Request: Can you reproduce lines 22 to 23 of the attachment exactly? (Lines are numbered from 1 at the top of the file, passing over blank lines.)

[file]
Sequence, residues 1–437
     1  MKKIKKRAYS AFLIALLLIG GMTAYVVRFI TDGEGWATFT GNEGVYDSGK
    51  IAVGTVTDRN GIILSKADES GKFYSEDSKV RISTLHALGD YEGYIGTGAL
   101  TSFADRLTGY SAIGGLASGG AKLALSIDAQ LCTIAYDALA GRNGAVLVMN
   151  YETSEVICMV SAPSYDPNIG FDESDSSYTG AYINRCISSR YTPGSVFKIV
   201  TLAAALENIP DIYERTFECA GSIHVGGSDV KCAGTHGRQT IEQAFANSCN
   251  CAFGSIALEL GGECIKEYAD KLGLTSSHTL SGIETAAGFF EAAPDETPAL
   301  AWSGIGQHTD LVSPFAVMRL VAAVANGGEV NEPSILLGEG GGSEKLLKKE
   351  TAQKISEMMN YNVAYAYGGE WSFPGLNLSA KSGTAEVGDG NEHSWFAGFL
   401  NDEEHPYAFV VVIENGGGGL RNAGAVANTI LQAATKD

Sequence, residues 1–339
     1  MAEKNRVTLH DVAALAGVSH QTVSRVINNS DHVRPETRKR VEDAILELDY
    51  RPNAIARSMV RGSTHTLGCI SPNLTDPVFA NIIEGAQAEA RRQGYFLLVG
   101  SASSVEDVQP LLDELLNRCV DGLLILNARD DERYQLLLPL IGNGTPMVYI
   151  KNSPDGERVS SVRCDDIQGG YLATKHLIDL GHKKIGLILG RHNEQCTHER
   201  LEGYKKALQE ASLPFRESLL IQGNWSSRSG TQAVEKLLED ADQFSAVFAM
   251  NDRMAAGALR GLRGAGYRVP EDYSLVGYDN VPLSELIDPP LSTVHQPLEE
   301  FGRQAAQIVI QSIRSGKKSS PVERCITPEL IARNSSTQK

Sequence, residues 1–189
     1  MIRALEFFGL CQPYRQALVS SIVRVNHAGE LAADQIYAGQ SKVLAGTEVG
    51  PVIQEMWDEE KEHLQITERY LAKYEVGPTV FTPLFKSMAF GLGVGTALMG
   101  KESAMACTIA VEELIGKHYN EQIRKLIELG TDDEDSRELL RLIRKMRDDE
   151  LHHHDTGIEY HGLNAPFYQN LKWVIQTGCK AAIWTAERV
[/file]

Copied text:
   101  KESAMACTIA VEELIGKHYN EQIRKLIELG TDDEDSRELL RLIRKMRDDE
   151  LHHHDTGIEY HGLNAPFYQN LKWVIQTGCK AAIWTAERV